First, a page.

Source: Amazon.com: Earth’s Biggest Wine Cellar?

Windows Chief Steven Sinofsky Leaves Microsoft

November 13th, 2012 11:44 admin View Comments

Microsoft

CWmike writes with this excerpt from Computerworld: “Steven Sinofsky, the executive in charge of Microsoft’s Windows 8 operating system and the driving force behind the new OS, is leaving the company effective immediately, Microsoft announced late Monday. Sinofsky was also the public face for Windows 8 and its new Metro interface, posting constant updates in a Windows 8 blog that charted its development. His last post, fittingly, was entitled ‘Updating Windows 8 for General Availability.’ The OS was officially launched at the end of last month. According to the All Things D blog, there was growing tension between Sinofsky and other members of the Microsoft executive team, who didn’t see him as enough of a team player. But Microsoft’s official position is that the decision was a mutual one. Sinofsky had only good things to say about his former employer.”

Source: Windows Chief Steven Sinofsky Leaves Microsoft

Windows Chief Steven Sinofsky Leaves Microsoft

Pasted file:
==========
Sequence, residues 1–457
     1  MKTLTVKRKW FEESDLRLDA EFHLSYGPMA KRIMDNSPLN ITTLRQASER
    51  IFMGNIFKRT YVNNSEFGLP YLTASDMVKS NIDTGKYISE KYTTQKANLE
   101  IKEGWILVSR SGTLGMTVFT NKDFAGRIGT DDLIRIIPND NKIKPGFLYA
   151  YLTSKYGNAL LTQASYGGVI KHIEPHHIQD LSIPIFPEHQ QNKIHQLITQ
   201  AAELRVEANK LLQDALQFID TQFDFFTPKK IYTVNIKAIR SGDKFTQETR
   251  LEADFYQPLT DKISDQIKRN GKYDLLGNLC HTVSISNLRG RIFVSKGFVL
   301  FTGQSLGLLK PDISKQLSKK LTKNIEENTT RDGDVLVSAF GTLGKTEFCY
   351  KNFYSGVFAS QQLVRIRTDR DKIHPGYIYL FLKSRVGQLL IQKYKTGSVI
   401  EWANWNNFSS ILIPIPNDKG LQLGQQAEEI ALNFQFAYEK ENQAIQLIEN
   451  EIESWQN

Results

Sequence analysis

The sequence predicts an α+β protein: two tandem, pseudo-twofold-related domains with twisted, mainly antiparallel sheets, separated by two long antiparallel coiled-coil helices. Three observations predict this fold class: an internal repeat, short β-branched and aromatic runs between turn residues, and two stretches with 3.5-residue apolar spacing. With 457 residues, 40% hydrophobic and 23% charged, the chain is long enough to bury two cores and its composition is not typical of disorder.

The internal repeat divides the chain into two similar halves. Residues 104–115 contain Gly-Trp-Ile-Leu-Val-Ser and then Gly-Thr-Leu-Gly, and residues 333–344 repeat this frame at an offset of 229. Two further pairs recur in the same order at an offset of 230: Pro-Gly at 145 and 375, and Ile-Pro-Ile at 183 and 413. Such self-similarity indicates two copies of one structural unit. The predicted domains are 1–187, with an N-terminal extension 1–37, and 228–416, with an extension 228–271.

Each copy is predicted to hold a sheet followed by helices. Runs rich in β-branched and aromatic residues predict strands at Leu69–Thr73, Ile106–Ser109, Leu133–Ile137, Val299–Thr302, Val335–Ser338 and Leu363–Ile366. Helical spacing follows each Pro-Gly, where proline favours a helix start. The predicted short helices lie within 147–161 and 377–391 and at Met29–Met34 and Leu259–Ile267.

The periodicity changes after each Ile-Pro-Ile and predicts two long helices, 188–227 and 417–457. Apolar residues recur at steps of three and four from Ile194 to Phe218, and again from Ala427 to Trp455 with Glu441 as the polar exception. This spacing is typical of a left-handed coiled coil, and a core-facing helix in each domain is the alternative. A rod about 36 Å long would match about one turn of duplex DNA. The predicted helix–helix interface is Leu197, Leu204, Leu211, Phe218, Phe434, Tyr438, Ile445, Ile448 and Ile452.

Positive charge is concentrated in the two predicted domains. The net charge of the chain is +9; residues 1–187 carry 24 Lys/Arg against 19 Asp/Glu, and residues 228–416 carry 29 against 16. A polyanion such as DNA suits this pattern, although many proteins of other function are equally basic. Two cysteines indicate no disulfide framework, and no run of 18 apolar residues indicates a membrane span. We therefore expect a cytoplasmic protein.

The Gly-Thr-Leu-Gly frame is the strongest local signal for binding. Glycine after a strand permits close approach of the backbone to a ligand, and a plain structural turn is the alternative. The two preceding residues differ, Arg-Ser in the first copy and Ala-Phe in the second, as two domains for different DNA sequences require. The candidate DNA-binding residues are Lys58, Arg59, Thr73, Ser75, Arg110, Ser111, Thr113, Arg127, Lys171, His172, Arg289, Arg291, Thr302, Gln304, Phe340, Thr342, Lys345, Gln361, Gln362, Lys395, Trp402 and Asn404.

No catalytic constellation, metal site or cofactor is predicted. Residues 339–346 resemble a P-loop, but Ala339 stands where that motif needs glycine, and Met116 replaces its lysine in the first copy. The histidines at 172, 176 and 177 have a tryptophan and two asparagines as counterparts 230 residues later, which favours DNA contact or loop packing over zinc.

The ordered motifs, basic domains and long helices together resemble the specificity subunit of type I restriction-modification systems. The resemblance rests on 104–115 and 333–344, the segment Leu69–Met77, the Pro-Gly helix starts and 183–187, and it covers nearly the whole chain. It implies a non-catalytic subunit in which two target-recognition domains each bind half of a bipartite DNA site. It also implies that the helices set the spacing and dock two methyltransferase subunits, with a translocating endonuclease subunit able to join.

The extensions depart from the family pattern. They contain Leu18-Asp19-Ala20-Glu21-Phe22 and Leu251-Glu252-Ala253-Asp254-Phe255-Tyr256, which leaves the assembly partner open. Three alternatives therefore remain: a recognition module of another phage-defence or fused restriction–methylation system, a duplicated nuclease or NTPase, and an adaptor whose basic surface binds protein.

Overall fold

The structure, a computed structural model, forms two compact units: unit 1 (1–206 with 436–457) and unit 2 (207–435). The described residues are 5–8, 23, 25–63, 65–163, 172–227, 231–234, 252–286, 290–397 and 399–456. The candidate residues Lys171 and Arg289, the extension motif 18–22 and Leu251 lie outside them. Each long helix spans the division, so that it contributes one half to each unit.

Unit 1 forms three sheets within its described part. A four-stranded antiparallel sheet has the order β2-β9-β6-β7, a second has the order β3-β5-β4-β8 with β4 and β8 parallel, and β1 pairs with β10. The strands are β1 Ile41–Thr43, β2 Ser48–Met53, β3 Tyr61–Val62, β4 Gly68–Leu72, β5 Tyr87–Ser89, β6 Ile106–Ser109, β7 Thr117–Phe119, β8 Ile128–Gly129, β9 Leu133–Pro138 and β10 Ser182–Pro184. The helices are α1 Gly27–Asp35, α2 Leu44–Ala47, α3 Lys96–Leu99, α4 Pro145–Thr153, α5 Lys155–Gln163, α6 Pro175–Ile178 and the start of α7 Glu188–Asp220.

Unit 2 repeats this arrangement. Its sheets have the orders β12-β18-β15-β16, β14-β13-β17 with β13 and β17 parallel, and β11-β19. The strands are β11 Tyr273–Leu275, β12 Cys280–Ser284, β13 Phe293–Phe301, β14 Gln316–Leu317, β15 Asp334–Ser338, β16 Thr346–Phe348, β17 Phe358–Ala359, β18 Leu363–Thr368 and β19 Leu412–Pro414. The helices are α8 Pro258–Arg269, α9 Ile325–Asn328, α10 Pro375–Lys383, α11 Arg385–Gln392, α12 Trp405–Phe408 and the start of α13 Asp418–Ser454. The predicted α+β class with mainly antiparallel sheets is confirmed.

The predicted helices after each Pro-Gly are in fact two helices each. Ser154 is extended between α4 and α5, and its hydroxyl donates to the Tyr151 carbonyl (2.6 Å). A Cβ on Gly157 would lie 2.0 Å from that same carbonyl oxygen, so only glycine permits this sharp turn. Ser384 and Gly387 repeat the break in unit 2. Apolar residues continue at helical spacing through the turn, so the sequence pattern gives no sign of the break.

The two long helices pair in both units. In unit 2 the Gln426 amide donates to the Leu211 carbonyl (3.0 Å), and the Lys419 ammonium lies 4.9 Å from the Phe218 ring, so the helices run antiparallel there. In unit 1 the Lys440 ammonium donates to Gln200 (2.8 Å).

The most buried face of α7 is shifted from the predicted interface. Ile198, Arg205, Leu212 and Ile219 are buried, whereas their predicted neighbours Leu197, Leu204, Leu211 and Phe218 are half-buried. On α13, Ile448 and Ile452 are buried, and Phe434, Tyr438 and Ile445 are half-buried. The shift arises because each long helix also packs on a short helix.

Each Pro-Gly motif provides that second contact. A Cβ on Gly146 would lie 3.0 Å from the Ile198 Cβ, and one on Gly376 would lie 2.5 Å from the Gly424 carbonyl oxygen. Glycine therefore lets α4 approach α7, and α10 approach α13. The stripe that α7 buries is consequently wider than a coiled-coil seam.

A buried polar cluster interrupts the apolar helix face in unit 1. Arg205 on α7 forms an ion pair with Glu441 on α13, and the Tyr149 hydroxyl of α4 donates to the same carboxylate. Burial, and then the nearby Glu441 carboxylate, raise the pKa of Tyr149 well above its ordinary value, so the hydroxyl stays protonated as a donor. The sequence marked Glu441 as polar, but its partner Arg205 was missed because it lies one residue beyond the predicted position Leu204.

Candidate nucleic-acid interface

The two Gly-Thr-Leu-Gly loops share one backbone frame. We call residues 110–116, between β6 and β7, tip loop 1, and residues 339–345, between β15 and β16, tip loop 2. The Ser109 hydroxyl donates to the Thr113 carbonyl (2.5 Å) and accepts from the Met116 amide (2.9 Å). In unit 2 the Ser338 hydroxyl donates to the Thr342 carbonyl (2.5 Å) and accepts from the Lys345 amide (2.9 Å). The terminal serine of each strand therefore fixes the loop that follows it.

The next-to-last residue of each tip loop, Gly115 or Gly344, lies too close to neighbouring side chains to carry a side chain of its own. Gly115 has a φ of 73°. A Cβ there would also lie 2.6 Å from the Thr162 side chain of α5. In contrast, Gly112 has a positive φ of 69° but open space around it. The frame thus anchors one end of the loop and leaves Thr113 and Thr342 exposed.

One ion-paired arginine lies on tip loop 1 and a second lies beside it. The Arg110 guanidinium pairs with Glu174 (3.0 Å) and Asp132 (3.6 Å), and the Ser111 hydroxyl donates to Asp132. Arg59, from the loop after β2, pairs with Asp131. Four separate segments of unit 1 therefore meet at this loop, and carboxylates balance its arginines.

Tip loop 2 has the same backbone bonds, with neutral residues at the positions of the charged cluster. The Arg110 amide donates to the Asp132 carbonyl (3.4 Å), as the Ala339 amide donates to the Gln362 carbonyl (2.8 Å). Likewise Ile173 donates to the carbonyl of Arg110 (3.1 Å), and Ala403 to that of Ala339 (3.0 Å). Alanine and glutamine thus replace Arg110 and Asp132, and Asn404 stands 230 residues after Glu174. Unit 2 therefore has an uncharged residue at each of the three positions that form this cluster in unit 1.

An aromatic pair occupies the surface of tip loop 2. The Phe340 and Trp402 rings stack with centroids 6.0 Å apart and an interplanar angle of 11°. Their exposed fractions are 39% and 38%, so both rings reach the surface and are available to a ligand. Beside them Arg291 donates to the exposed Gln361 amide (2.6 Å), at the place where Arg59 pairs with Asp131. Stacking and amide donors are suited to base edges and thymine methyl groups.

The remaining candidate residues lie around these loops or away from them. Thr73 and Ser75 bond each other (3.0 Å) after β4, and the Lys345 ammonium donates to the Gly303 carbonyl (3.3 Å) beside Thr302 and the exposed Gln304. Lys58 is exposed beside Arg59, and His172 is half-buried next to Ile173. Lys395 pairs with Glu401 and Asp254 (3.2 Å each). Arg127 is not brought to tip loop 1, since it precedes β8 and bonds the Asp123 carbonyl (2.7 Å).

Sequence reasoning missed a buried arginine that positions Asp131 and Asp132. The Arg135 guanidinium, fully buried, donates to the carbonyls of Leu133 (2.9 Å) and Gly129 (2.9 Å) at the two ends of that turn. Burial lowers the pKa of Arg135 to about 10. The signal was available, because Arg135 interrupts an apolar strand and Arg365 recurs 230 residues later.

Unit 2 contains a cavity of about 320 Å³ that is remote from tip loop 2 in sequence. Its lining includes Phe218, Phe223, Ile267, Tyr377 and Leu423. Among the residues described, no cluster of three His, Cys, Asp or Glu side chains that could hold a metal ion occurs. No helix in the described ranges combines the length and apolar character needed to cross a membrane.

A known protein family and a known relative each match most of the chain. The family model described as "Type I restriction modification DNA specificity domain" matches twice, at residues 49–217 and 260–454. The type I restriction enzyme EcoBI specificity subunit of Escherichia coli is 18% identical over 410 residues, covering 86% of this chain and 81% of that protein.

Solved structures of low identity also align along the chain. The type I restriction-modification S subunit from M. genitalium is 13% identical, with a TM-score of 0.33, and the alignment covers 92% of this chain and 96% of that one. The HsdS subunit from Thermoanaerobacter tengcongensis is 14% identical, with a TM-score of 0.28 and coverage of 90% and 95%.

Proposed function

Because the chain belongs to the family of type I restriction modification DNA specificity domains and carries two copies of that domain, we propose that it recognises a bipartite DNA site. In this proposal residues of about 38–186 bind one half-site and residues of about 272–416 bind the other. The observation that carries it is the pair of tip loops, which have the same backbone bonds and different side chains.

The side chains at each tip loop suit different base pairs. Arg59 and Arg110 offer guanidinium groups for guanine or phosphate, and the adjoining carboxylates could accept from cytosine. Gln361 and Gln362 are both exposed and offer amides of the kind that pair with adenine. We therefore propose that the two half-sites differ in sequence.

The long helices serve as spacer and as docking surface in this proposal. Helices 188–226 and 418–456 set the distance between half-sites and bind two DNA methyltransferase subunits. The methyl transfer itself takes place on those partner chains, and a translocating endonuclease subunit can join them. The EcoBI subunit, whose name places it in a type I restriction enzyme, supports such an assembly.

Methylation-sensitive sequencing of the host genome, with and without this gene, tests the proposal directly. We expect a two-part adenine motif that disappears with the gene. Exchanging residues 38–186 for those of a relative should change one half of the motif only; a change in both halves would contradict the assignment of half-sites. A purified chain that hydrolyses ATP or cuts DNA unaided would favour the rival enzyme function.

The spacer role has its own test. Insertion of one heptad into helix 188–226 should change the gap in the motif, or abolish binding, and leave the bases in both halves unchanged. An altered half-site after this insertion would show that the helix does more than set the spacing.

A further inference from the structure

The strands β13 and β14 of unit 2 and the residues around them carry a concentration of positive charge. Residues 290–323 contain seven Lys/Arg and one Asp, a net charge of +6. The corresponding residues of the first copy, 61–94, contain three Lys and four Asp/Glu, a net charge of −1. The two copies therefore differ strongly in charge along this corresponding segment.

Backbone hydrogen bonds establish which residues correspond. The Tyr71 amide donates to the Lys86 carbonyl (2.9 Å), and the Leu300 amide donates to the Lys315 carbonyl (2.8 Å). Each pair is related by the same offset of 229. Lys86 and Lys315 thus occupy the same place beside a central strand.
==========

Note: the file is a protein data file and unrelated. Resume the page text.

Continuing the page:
November 13th, 2012 11:44 admin View Comments

Microsoft

CWmike writes with this excerpt from Computerworld: “Steven Sinofsky, the executive in charge of Microsoft’s Windows 8 operating system and the driving force behind the new OS, is leaving the company effective immediately, Microsoft announced late Monday. Sinofsky was also the public face for Windows 8 and its new Metro interface, posting constant updates in a Windows 8 blog that charted its development. His last post, fittingly, was entitled ‘Updating Windows 8 for General Availability.’ The OS was officially launched at the end of last month. According to the All Things D blog, there was growing tension between Sinofsky and other members of the Microsoft executive team, who didn’t see him as enough of a team player. But Microsoft’s official position is that the decision was a mutual one. Sinofsky had only good things to say about his former employer.” Also at SlashCloud.